Nissan warns over hard Brexit risk to Sunderland plant

Nissan has warned that a hard Brexit will have 'serious implications' for the carmaker's Sunderland factory.

The Japanese firm, which employs about 8,000 in the UK, said that Britain crashing out of the EU’s single market and customs union into World Trading Organisation rules would be detrimental to its operation.

Nissan uses its UK operations to export to the EU and benefits from being able to trade freely without customs checks or extra tariffs while Britain is a full member.

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The company said in a statement on Thursday: “As a sudden change from those rules to the rules of the WTO will have serious implications for British industry, we urge UK and EU negotiators to work collaboratively towards an orderly balanced Brexit that will continue to encourage mutually beneficial trade.

“Since 1986, the UK has been a production base for Nissan in Europe. Our British-based research and development and design teams support the development of products made in Sunderland, specifically for the European market.”

Several high profile Conservatives, including Jacob Rees-Mogg, have come out in favour of Britain adhering to WTO rules after Brexit day.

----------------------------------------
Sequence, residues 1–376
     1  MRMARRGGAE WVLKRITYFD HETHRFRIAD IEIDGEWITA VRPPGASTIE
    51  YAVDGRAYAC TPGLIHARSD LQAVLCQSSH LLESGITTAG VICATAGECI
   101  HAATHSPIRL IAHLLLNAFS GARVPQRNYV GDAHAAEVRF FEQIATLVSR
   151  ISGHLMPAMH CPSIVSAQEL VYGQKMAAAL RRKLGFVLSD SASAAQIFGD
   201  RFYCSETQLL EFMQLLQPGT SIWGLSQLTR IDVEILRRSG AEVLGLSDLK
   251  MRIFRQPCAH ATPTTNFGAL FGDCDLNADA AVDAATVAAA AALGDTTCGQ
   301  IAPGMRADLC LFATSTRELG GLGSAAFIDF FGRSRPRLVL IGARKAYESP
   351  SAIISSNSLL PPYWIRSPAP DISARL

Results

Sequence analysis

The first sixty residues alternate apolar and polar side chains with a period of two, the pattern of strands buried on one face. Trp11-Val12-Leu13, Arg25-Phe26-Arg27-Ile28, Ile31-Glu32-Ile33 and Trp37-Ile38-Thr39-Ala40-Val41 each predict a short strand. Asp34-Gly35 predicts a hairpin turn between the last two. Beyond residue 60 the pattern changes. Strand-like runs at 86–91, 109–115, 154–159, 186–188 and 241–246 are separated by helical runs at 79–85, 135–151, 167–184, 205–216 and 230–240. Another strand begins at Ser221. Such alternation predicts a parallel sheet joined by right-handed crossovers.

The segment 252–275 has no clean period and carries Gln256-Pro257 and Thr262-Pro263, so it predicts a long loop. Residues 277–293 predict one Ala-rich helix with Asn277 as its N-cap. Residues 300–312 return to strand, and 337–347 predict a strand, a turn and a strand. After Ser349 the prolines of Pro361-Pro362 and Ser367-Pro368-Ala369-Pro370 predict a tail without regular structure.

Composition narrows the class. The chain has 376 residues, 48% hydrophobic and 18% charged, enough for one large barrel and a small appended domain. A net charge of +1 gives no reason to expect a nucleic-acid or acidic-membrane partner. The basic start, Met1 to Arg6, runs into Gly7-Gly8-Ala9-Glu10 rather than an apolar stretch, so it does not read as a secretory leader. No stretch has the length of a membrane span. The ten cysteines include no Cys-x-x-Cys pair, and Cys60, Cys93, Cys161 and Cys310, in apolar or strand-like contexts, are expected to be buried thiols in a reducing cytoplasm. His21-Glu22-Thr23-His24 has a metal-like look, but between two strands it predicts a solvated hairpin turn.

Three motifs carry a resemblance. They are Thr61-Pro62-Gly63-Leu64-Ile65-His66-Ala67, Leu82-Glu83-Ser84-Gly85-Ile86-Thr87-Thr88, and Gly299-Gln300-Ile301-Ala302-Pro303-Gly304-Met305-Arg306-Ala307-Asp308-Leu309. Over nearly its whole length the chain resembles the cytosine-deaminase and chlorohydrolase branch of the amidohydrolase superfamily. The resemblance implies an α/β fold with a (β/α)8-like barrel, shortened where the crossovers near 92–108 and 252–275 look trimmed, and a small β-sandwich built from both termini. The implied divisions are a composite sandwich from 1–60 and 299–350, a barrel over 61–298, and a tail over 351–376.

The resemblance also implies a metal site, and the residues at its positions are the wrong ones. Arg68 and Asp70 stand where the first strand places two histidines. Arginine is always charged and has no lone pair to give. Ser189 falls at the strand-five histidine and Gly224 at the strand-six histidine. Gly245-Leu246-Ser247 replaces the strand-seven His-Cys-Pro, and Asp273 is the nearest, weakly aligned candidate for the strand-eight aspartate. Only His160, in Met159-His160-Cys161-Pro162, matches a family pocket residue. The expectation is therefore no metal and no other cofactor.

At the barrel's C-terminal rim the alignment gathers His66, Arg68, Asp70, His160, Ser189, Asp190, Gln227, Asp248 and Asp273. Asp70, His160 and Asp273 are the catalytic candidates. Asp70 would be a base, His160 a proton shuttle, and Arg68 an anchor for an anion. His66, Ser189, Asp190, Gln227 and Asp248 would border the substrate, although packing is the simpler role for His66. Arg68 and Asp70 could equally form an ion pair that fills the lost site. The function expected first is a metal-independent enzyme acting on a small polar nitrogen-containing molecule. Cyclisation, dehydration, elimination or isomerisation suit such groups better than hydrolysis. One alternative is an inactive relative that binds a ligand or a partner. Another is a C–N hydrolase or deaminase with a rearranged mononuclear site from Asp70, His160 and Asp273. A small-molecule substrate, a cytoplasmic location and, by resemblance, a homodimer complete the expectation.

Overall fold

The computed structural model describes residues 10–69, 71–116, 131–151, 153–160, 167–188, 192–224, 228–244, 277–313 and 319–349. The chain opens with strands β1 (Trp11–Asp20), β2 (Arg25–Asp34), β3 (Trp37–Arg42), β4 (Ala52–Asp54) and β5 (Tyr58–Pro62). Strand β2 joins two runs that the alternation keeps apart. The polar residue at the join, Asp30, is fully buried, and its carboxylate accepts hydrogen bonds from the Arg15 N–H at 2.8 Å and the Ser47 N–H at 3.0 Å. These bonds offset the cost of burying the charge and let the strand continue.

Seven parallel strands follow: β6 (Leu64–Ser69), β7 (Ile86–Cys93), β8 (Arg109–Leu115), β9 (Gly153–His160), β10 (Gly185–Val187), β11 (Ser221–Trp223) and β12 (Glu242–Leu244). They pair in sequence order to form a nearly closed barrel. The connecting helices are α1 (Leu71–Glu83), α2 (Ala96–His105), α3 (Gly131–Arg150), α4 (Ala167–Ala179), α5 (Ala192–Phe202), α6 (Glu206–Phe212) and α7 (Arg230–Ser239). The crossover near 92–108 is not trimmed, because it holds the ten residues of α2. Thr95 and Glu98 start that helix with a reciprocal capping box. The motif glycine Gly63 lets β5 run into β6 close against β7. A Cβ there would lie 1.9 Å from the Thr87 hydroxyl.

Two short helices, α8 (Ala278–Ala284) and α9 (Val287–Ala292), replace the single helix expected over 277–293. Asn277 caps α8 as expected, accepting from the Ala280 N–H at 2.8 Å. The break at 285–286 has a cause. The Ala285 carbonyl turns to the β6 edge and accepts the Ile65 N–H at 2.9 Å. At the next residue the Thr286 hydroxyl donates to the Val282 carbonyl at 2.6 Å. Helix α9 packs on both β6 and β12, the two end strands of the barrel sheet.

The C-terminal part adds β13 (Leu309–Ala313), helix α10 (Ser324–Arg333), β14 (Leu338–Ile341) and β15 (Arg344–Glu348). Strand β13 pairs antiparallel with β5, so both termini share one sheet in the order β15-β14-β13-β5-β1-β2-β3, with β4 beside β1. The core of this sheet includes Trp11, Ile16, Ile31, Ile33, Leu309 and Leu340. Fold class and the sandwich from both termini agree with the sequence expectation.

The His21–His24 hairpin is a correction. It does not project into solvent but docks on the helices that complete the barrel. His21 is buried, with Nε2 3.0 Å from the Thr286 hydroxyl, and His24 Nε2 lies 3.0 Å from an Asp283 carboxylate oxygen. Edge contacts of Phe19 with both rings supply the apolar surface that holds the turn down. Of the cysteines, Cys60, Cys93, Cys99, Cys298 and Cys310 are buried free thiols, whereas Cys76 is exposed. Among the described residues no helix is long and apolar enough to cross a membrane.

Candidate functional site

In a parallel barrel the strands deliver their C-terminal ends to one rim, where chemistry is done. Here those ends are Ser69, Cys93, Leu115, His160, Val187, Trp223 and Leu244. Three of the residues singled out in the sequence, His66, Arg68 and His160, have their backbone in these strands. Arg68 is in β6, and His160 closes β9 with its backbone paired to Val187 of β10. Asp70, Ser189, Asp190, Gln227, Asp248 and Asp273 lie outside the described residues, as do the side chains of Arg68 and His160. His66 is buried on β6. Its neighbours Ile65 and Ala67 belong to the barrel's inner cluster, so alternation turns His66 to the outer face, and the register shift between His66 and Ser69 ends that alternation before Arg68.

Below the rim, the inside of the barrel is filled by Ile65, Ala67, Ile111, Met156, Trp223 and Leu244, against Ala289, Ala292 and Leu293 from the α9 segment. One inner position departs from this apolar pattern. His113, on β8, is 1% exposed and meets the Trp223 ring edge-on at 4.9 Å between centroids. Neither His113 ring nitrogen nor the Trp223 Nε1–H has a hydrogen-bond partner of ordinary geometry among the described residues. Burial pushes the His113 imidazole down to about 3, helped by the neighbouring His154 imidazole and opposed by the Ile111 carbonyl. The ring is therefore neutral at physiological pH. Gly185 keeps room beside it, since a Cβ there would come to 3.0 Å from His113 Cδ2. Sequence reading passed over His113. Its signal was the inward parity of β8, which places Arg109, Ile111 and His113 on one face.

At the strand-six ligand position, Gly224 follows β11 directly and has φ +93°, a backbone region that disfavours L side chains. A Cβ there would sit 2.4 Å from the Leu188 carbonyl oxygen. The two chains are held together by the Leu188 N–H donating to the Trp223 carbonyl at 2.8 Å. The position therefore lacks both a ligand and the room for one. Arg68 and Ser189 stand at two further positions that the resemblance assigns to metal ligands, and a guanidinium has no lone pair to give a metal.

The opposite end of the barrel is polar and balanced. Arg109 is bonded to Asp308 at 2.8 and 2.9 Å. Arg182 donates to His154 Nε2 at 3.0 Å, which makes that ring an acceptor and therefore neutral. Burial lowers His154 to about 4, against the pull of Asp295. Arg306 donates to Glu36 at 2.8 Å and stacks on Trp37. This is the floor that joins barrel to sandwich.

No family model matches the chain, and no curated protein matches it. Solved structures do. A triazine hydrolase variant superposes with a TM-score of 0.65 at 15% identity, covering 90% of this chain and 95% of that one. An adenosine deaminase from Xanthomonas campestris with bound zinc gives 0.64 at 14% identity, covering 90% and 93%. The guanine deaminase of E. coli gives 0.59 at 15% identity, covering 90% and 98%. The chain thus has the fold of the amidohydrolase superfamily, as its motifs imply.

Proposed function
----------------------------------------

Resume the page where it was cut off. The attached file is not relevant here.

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The warning follows the Tory party conference, with Theresa May’s Government still in a negotiating deadlock with the EU over an exit deal.

As well as thousands of workers in Sunderland, Nissan’s supply chain network supports tens of thousands more jobs in the UK.

Sunderland voted to leave the EU on June 23 2016.

“Frictionless trade has enabled the growth that has seen our Sunderland plant become the biggest factory in the history of the UK car industry, exporting more than half of its production to the EU,” Nissan added.

“Today we are among those companies with major investments in the UK who are still waiting for clarity on what the future trading relationship between the UK and the EU will look like.”

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It comes as several multinational firms pull jobs and operations out of the UK, amid growing concern over the Government’s protracted negotiations and a no-deal scenario.

Planemaker Airbus warned in June it could quit the UK if Britain leaves without a trade deal, while several banks have moved staff and trading units to the EU.

Japanese firms have been among the most vocal when expressing fears over Brexit, with Panasonic the latest to announce plans to shift its European headquarters out of the UK.

It is thought there are 879 Japanese companies employing 142,000 staff in Britain, including Honda and Nissan.